Nurse’s Song – A Poem by William Blake with Recording

nursessong_sm

“Nurse’s Song” is a poem by William Blake that’s part of his collection called, “Songs of Innocence and Experience.” There are two versions of the poem. The first is from “Songs of Innocence” (1789). In this version, the nurse appreciates the sweetness of children’s voices at play outside on a beautiful day. The 2nd version of the poem is from “Songs of Experience” (1789). In this version, the nurse is older and more cynical. It’s interesting how the 1st version of the poem is reflected in the second.

You can listen to the 2 versions of the poem in separate recordings and read along with the text…

MP3 Recording of Nurse’s Song (from Songs of Innocence)

Nurse’s Song (from Songs of Innocence)
By William Blake

When voices of children are heard on the green,
And laughing is heard on the hill,
My heart is at rest within my breast,
And everything else is still.
‘Then come home, my children, the sun is gone down,
And the dews of night arise;
Come, come, leave off play, and let us away,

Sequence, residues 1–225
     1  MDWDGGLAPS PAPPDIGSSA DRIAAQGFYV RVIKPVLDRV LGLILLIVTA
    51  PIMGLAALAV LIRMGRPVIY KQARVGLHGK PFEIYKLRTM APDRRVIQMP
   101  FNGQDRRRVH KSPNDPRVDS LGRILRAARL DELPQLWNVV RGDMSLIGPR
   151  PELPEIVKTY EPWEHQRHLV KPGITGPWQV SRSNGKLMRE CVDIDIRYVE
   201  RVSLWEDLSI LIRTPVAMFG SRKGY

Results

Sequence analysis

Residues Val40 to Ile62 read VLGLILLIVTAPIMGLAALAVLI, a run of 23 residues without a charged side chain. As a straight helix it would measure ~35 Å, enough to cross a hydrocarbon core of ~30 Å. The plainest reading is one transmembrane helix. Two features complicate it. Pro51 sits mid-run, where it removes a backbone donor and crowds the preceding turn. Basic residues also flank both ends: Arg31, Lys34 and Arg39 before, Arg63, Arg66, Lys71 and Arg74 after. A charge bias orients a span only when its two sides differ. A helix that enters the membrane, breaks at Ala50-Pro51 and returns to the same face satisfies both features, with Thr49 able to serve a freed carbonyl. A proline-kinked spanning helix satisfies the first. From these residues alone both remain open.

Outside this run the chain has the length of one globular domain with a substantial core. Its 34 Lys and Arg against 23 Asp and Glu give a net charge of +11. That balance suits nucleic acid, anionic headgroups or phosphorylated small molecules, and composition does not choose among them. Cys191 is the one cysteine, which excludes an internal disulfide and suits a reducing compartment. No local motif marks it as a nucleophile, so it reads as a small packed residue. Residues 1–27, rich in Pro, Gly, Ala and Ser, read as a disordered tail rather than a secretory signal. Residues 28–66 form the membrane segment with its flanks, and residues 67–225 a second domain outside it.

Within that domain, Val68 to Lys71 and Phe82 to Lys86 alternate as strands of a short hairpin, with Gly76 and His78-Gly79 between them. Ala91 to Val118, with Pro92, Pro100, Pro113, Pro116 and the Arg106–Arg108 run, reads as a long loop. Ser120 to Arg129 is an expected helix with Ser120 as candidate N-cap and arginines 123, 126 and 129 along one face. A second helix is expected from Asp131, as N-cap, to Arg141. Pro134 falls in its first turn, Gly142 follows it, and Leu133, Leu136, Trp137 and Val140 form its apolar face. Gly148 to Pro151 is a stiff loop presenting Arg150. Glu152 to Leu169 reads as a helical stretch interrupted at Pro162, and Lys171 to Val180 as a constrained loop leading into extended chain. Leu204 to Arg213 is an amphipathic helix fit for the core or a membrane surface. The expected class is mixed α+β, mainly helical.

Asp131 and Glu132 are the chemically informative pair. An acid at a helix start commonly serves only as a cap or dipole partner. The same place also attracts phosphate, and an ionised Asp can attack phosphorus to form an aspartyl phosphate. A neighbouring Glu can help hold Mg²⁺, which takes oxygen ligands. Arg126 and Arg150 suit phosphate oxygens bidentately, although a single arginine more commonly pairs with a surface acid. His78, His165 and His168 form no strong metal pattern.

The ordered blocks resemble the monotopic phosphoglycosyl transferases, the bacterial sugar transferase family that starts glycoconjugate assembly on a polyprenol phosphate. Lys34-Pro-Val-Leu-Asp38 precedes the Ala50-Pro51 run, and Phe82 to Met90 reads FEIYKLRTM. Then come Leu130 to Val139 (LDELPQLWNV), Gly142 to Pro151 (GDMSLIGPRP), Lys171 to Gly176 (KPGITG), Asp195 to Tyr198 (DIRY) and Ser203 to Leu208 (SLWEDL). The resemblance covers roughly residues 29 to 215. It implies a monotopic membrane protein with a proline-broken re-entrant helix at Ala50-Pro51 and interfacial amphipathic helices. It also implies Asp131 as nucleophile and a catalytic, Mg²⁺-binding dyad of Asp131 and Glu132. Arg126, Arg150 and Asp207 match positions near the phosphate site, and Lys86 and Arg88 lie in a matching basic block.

Till the morning appears in the skies.’

‘No, no, let us play, for it is yet day,
And we cannot go to sleep;
Besides, in the sky the little birds fly,
And the hills are all covered with sheep.’
‘Well, well, go and play till the light fades away,
And then go home to bed.’
The little ones leaped, and shouted, and laughed,
And all the hills echoèd.

nursessong

Here’s the version of the poem from “Songs of Experience”…

MP3 of Nurse’s Song (From Songs of Experience)

Nurse’s Song (from Songs of Experience)
By William Blake

When the voices of children are heard on the green
And whisp’rings are in the dale,
The days of my youth rise fresh in my mind,
My face turns green and pale.

Then come home, my children, the sun is gone down,
And the dews of night arise;
Your spring and your day are wasted in play,
And your winter and night in disguise.

nurse's song 2

This article was posted on Friday, May 12th, 2017 at 9:15 pm and is filed under Mama Lisa, Poems, Poems about Childhood, Poets, William Blake. You can follow any responses to this entry through the RSS 2.0 feed. You can leave a response, or trackback from your own site.

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